Endoscopy 2007; 39: E324-E325
DOI: 10.1055/s-2007-966805
Unusual cases and technical notes

© Georg Thieme Verlag KG Stuttgart · New York

Pancreatic endoscopic ultrasound-assisted rendezvous procedure to facilitate drainage of nondilated pancreatic ducts

G.  I.  Papachristou1 , F.  C.  Gleeson1 , B.  T.  Petersen1 , M.  J.  Levy1
  • 1Division of Gastroenterology and Hepatology, Mayo Clinic Foundation, Rochester, Minnesota, USA
Further Information

Publication History

Publication Date:
08 January 2008 (online)

The use of therapeutic transmural endoscopic ultrasound-assisted rendezvous procedures has been reported previously in patients with obstructive chronic pancreatitis [1] [2] [3] [4] [5]. However, there have been no reports describing the use of this technique in patients with normal pancreatic duct dimensions.

We present two patients, a 42-year-old woman with a history of recurrent acute pancreatitis and a tight, inaccessible pancreatic duct stricture seen at endoscopic retrograde cholangiopancreatography which was associated with an upstream fluid collection (patient A), and a 37-year-old woman with postsurgical Whipple anatomy who presented with persistent abdominal pain, in whom endoscopic retrograde cholangiopancreatography confirmed the presence of a widely patent hepaticojejunostomy but failed to identify the pancreatic duct orifice, despite the administration of secretin (patient B).

A transgastric approach using a 22-gauge endoscopic ultrasound needle allowed access to the pancreatic duct upstream from the stricture ([Fig. 1]). A 0.018-inch guide wire was advanced across the pancreatic duct stricture and was coiled in the duodenum under endoscopic ultrasound and fluoroscopic guidance ([Fig. 2]). After withdrawal of the echo endoscope, a gastroscope was advanced in patient A and a colonoscope in patient B. A biopsy cable within an Oasis system sheath (Cook Medical, Ireland) was used to grasp and stabilize the leading end of the guide wire. By withdrawing the endoscope, both ends of the guide wire were identified exiting from the patient’s mouth. A dilating balloon was advanced over the guide wire, within the pancreatic head, under fluoroscopic guidance but without endoscopic assistance. Balloon dilation was performed, followed by placement of a pancreatic duct stent using the same technique ([Fig. 3], [4]).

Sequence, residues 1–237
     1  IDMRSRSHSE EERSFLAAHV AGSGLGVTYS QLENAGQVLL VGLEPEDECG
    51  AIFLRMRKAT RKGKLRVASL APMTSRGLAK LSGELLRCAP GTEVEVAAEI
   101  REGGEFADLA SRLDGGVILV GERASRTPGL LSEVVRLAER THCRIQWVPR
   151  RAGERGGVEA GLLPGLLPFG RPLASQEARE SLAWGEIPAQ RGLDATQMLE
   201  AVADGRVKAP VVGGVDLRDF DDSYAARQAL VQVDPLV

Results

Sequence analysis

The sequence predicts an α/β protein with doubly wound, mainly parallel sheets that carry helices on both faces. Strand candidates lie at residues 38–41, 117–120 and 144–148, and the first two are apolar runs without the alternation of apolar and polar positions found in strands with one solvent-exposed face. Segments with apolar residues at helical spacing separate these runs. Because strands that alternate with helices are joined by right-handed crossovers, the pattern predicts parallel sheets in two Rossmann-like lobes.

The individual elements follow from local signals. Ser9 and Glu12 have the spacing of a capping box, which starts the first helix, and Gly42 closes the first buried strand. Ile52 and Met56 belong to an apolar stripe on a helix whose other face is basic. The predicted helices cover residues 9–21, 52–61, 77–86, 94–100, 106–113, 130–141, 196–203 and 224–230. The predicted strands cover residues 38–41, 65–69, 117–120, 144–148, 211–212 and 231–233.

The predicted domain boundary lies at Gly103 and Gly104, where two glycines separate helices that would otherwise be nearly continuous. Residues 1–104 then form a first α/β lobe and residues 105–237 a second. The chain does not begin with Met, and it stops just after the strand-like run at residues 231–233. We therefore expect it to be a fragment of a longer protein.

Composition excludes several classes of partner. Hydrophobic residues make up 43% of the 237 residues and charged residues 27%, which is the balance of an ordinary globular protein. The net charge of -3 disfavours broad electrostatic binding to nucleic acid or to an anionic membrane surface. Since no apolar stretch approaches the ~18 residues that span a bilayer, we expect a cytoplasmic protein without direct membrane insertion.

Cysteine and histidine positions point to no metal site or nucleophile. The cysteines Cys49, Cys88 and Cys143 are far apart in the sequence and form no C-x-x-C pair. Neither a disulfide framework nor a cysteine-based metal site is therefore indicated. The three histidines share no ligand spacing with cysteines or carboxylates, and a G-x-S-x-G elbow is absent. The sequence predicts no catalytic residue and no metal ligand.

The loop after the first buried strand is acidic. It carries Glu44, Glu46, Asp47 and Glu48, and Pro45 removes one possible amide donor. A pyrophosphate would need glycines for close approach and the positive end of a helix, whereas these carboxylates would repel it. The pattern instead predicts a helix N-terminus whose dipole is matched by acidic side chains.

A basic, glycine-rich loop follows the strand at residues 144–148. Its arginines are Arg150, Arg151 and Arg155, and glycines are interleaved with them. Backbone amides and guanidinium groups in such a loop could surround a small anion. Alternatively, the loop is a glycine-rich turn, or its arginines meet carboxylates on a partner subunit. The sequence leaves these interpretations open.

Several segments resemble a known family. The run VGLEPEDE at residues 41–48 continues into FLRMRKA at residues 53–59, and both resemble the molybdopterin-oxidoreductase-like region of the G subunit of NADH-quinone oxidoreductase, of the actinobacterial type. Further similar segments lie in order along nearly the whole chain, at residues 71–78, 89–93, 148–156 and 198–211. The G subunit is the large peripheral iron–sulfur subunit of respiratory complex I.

Fig. 1 Fluoroscopic image showing puncture of the main pancreatic duct with a 22-gauge needle (pancreatic duct diameter 2.5 mm).

Fig. 2 A 0.018-inch guide wire was advanced across the pancreatic duct into the duodenum.

Fig. 3 Balloon dilation of the pancreatic duct at the pancreatic head was performed under fluoroscopic guidance.

Fig. 4 Transpapillary pancreatic duct stent insertion was then performed under fluoroscopic guidance.

In this report we have described two patients with pancreatic duct strictures that were inaccessible using traditional techniques, but which were managed using a combined endoscopic, endosonographic, and fluoroscopic pancreatic rendezvous technique. The unique technical aspects of these procedures included the achievement of endoscopic ultrasound access to diminutive pancreatic ducts, and the use of a biopsy cable within a catheter to ”snag” the slippery guide wire, followed by balloon dilation and over-the-wire stent placement with limited endoscopic guidance.




M. J. Levy, MD

Division of Gastroenterology and Hepatology

Mayo Clinic College of Medicine

200 First Street SW

Charlton 8


Minnesota 55905


Fax: 1-507-266-3939

Email: levy.michael@mayo.edu